How Students Landed on the Front Lines of Class War
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The deliberate pepper-spraying by campus police of nonviolent protesters at UC Davis provoked national outrage. But the horrific incident must not cloud the real question: What led comfortable, bright, middle-class students to join the Occupy protest movement against income inequality and big-money politics in the first place?
The University of California system raised tuition by more than 9 percent this year, and the California State University system upped tuition by 12 percent. The UC system is seriously contemplating a humongous 16 percent tuition increase for fall 2012. This year, for the first time, the amount families pay in UC tuition will exceed state contributions to the university system.
University students, who face tuition hikes and state cuts to public education, find themselves victimized by the same neoliberal agenda that has created the current economic crisis, and which profoundly endangers democratic values.
The ideal that California embraced in its 1960 master plan for higher education, that it should be inexpensive and open to all Californians, is being jettisoned without much debate. The master plan exemplified the thinking on education and democracy typical of Founding Fathers such as Thomas Jefferson. In 1786, Jefferson wrote from Europe to a friend:
Preach, my dear Sir, a crusade against ignorance; establish and improve the law for educating the common people. Let our countrymen know that the people alone can protect us against these evils [of tyranny], and that the tax which will be paid for this purpose is not more than the thousandth part of what will be paid to kings, priests and nobles who will rise up among us if we leave the people in ignorance. …
That is, Jefferson believed that the alternative to publicly funded education was the rise of an oppressive oligarchy that would manipulate the ignorant majority.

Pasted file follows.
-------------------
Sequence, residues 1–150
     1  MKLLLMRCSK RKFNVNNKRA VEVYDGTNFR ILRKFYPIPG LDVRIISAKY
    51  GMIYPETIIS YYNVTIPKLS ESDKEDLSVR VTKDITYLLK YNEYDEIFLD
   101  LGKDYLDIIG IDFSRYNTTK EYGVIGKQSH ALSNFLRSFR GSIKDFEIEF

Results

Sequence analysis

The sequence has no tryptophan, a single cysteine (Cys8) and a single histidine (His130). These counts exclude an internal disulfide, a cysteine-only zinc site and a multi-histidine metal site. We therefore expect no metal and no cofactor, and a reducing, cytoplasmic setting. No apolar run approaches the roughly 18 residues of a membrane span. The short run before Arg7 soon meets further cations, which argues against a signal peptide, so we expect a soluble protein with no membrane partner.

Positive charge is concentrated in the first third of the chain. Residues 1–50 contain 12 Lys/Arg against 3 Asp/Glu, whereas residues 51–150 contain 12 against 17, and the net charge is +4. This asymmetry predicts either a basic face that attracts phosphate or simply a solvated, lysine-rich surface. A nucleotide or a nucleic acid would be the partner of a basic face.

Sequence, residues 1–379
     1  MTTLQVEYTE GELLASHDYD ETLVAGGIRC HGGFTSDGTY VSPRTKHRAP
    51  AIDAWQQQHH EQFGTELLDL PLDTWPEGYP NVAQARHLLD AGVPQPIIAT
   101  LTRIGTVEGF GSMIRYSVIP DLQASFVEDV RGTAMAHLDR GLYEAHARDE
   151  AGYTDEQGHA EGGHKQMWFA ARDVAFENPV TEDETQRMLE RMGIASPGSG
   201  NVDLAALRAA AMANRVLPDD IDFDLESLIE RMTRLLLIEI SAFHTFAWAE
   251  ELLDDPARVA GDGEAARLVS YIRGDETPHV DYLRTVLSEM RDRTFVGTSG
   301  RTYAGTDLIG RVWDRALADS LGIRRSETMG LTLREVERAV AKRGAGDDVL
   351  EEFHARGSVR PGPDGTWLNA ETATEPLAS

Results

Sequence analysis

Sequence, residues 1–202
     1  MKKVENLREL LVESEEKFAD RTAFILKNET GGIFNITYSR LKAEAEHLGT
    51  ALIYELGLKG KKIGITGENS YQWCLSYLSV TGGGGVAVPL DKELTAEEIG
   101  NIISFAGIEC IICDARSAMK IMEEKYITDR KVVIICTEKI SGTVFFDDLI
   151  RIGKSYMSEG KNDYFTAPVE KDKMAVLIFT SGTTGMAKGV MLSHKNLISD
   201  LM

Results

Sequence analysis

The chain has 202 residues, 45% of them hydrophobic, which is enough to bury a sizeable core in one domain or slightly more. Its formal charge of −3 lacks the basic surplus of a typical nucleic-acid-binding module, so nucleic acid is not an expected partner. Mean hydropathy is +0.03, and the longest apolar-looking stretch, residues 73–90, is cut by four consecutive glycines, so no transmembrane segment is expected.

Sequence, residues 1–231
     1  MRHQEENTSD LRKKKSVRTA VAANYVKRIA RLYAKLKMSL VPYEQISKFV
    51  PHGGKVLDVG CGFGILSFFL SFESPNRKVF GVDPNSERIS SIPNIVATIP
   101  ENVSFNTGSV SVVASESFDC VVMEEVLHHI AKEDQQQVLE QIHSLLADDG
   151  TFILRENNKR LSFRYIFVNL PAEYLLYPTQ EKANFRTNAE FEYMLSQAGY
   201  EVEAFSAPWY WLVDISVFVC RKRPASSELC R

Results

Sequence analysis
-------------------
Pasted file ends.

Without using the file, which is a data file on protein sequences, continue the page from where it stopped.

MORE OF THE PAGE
While the bad economy and the peculiarities of California governance have provoked the state’s budget crisis, the defunding of public higher education has unfolded progressively across the country for two decades. From 1987 through 2007, state support declined by about 9 percent overall per student across the United States; for the flagship research campuses, the decline was around 13 percent. The last three years have seen especially deep cuts.
The increasing privatization of higher education is part and parcel of the neoliberal agenda, which seeks to subordinate everything to soulless markets. As Henry A. Giroux writes: “In England and the United States, universities and businesses are forming stronger ties; the humanities are being underfunded; student tuition is rising at astronomical rates; knowledge is being commodified; and research is valued through the lens of an audit culture.”
Market fundamentalism is notoriously more interested in process than in outcome, in “efficiency” than in higher ethical values. Those who might applaud the end of the state universities and their transformation into private institutions neglect their essential role in the formation of cultural capital and in promoting social mobility, not to mention in keeping America strong against global competitors (the number of Ph.Ds produced annually is a common index of competitiveness).
The assault on publicly funded higher education is wrapped up in the discontents that provoked the Occupy Wall Street movement. Inexpensive state universities are central to the ability of young people from disadvantaged backgrounds to move up in the world. The United States used to be known as a society where those at the bottom could hope to get ahead, and where being born with a silver spoon in your mouth was no guarantee of lifetime prosperity. Now, upward mobility has gotten harder, the rich more often stay rich, and Europe is the land of opportunity. European state support for institutions of higher education is key to that mobility. The United States of America, born in a rejection of an aristocracy by birth, is increasingly a land of hereditary oligarchs.